Public and private blockchains differ more in how they’re used than how they’re built. The underlying similarity is that they’re blockchains: distributed, encrypted ledgers, monitored and verified by their users. In other words, they’re both networks that share an immutable record of transactions.
The real difference on a technical level is who has access to them.
How open blockchains work
Open blockchains, or public blockchains, can be accessed by all their users, and those users can be anyone. These are the blockchains we’re most familiar with, because they’re the big names that underpin digital currencies. BitCoin is an open blockchain, and so is Litecoin, Ethereum and BitShares.
Remember that a public blockchain doesn’t forbid anyone from becoming a user or participating in verification or block creation. But that doesn’t mean that everyone, or even very many people, will be able to do it. Consider BitCoin mining: by the rules of the BitCoin blockchain, anyone can mine. But in practice, a small number of corporate entities control virtually all mining because of the expense in time, computing power and electricity it requires.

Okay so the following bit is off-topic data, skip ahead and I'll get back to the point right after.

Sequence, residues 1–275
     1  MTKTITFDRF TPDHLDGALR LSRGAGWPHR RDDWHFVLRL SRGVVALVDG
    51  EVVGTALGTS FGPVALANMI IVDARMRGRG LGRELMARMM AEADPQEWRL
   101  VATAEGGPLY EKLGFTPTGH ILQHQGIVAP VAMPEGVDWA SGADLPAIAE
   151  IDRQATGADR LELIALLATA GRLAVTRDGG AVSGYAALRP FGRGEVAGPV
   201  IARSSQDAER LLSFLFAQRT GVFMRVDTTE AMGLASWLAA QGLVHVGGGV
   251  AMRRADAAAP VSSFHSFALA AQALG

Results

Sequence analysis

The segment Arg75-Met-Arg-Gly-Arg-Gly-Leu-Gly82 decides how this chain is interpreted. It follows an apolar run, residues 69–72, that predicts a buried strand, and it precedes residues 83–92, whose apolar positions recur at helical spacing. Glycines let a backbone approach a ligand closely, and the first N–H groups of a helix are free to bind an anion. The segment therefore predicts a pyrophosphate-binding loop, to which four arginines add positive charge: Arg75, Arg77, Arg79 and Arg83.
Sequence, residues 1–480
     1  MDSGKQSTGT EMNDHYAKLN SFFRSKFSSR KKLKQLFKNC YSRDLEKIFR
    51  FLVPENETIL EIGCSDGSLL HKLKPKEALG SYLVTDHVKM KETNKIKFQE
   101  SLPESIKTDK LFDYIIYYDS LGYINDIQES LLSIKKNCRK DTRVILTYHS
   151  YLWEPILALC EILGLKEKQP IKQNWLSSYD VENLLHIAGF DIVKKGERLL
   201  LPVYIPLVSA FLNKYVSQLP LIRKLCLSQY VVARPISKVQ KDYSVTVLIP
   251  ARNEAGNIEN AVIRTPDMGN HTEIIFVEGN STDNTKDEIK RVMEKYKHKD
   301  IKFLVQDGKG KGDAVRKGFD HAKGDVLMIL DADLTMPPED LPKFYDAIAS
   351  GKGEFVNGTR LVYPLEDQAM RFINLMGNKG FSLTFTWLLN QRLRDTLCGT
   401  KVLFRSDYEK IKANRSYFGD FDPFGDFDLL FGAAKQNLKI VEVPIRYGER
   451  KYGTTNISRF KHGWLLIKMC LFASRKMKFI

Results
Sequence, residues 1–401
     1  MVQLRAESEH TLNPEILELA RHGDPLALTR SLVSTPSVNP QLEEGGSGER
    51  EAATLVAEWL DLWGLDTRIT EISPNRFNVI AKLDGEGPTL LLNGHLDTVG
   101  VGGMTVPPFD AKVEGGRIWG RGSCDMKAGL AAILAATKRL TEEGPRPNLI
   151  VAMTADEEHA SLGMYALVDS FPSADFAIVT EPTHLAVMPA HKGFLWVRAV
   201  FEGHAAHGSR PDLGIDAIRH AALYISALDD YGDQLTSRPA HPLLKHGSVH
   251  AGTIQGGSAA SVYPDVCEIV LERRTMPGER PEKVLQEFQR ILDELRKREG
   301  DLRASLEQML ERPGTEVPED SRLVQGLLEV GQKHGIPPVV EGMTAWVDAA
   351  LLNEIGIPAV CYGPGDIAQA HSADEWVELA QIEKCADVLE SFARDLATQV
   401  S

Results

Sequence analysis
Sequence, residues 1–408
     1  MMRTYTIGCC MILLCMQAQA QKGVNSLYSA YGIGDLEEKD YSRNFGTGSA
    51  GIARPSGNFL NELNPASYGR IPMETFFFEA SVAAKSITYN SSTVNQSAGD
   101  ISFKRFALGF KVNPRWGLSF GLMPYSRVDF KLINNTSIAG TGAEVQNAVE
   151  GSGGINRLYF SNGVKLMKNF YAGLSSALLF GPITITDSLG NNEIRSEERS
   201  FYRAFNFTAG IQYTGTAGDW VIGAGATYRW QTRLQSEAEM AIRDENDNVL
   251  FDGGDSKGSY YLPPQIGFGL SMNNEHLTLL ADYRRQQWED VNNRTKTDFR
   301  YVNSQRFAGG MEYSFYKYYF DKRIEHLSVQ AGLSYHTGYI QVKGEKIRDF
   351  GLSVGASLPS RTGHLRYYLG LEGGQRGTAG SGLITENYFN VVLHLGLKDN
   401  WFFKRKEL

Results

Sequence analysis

For example, when a blockchain requires major commitments of equipment, time, finances or computer cycles in order to engage with it, many would-be participants might be locked out in practical terms even though there is nothing in the blockchain’s rules preventing them from participating.
The confidentiality problem
Blockchains come with an inbuilt confidentiality problem. The audit log of transactions is available to all users. Solutions to this problem that make blockchain suitable for businesses (which don’t want uninvited users to have access to all their business data) include hybrid, private and consortium blockchains as well as various methods of building decentralized applications with inbuilt permissioning on public chains.
Why would you choose a public blockchain?